Published: 06:00, 18 October 2020
| Updated: 11:27, 19 October 2020
A people smuggler's elaborate attempt to evade officials by dressing his Albanian passengers in branded polo shirts, and pretending he was giving them navigational training on his 46ft yacht, was undone when Border Force officers realised a fatal, and extremely obvious, flaw in his plan.
Most noticeably, Charles Lynch couldn't speak Albanian, and the group couldn't speak English, so nautical lessons would have been difficult.
So ended Lynch's 28 years on the run, after he absconded from Maidstone Prison in 1992.
Kent is home to seven prisons, including three in what is known as the Sheppey Cluster, comprising Swaleside, Standford Hill and Elmley.
Lynch's story is just one of the many dramatic, terrifying and bizarre tales of escapes from our county's clinks.
Michael Williams, a convicted burglar who absconded from Standford Hill, was caught a day later, pedalling furiously on a mountain he had stolen during his short interlude from prison.
The inmate was a year into a 40-month sentence imposed for burglary when he walked out of the category D open prison. An open prison means inmates can leave the site on licence for work.
The day after he left, in August last year, he was seen in nearby Sheerness by a prison officer travelling to work at the same jail.
He followed Williams until the police arrived to arrest him.
To make him even more conspicuous, he was spotted carrying a prison-issue laundry bag.
During his brief time away, Williams had also stolen a gold bracelet, tablet device, sunglasses and a bottle of Jack Daniels from cars.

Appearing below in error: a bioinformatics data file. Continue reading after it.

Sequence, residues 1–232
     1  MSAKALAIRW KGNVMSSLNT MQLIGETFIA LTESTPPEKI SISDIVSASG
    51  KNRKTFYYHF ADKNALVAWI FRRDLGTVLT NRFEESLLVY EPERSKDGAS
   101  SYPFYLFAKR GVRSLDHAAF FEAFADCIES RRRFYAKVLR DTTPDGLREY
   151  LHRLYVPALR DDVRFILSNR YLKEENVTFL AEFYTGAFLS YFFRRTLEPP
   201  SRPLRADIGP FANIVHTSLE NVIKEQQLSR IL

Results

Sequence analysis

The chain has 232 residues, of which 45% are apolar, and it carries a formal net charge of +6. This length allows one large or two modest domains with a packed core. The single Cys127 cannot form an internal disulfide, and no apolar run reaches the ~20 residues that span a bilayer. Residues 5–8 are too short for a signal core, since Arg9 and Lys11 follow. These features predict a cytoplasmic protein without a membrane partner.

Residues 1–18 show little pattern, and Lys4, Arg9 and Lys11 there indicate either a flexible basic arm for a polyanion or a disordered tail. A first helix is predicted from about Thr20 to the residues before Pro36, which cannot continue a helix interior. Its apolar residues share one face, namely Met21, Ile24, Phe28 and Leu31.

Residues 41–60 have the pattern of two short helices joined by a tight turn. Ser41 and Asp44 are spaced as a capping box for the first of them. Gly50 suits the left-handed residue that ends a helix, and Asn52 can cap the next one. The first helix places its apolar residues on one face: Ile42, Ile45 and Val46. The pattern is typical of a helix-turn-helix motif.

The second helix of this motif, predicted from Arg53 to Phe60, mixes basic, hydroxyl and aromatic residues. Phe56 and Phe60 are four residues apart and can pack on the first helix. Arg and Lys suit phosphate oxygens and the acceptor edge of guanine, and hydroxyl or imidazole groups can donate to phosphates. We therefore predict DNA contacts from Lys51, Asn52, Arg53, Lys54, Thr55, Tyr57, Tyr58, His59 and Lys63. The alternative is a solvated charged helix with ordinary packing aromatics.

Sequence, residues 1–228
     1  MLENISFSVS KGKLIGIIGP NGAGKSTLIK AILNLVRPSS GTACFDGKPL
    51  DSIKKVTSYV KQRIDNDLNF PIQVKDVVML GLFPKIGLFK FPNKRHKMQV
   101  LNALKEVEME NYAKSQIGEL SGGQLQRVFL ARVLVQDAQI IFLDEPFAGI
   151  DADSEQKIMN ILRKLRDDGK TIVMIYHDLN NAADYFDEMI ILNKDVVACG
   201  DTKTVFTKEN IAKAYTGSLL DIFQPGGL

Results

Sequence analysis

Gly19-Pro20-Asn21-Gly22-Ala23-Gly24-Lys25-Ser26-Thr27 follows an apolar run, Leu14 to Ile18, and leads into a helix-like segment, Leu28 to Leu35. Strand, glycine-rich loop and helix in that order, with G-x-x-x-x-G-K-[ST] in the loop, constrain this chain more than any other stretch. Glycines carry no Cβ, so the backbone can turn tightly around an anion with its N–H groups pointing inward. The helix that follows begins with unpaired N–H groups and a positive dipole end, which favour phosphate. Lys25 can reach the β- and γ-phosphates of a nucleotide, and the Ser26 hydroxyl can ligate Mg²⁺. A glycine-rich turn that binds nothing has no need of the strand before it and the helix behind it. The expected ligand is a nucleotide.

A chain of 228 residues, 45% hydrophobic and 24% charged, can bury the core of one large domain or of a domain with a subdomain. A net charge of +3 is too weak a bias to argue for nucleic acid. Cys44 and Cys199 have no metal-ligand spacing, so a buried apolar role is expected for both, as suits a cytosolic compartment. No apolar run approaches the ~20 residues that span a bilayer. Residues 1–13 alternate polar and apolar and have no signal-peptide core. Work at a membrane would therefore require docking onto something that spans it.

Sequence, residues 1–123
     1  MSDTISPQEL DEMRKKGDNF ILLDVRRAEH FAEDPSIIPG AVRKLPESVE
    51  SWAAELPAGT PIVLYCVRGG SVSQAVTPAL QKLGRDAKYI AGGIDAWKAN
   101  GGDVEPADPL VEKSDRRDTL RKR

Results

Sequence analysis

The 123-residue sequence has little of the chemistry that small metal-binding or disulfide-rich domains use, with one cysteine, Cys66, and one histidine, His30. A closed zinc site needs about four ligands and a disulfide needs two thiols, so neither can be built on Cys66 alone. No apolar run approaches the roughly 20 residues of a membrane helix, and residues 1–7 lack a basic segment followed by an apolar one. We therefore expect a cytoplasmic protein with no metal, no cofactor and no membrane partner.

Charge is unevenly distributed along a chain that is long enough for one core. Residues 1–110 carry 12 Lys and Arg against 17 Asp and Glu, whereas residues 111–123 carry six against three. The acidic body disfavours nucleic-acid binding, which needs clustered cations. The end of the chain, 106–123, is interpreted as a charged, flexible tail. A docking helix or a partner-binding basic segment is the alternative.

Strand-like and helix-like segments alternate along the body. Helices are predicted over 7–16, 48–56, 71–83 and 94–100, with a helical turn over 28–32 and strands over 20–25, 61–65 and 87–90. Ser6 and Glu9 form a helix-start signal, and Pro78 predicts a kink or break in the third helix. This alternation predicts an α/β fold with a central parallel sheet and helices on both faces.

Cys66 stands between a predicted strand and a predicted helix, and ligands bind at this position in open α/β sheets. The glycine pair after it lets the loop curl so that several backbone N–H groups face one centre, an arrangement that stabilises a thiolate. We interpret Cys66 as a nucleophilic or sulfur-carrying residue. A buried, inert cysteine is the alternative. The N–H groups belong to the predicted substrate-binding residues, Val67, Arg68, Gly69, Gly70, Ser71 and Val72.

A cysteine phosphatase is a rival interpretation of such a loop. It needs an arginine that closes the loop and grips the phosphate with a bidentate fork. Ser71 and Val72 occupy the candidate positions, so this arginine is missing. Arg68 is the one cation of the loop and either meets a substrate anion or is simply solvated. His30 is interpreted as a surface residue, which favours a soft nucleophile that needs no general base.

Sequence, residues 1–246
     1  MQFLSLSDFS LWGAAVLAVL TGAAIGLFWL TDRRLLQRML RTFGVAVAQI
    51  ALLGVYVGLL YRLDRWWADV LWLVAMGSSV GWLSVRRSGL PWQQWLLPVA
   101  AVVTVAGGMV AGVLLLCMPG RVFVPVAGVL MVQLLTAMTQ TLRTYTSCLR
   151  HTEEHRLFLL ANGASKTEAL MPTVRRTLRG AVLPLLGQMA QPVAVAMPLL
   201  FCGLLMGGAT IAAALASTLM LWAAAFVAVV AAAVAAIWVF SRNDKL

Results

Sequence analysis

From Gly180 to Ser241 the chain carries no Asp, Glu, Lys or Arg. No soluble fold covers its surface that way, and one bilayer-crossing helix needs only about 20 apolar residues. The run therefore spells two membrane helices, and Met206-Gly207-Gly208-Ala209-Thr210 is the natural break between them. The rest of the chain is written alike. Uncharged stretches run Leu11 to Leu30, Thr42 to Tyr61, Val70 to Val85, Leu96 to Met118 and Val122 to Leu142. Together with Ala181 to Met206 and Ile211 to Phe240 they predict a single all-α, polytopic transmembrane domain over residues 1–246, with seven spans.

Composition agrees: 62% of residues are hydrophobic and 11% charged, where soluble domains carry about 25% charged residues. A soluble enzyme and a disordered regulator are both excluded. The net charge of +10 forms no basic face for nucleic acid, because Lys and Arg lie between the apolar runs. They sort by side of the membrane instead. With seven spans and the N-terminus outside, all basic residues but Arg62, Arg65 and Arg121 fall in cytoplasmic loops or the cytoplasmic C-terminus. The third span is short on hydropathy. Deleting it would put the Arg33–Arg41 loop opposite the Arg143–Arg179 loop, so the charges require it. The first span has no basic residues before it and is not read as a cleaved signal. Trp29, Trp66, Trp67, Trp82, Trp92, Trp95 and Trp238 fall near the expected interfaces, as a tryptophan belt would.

Williams, then 42, previously from Folkestone, claimed he was heading back to hand himself in when he was apprehended, and pleaded guilty to the escape and thefts. He was handed an extra four months' jail time.
A huge manhunt was launched after an armed robber, dubbed 'the Skull Cracker', for his habit of pistol-whipping victims during raids, failed to return to Standford Hill in 2014.
Michael Wheatley had been let out on day release and was already serving 13 life sentences following a string of brutal raids on banks and building societies.
Elderly, lone women were usually his targets.
It is believed a train timetable was found in Wheatley's cell after he fled, with the Sittingbourne to London route highlighted.
During his four days on the run, Wheatley, then 55, took part in a £13,000 armed raid at a building society in Sunbury-on-Thames.
Officers hunted him down in Mile End, east London, and at court he admitted to the armed robbery and being unlawfully at large.
A judge said he would serve at least 10 years in prison before being considered for parole, but Wheatley appealed and it was reduced to 10 years.
One prisoner used one of the oldest tricks in the book and seen in numerous films to fool prison guards.
Syd Whitelock was found by an officer climbing out of an open window at Standford Hill, after arranging pillows in his bed to give the impression he was innocently sleeping, in May last year.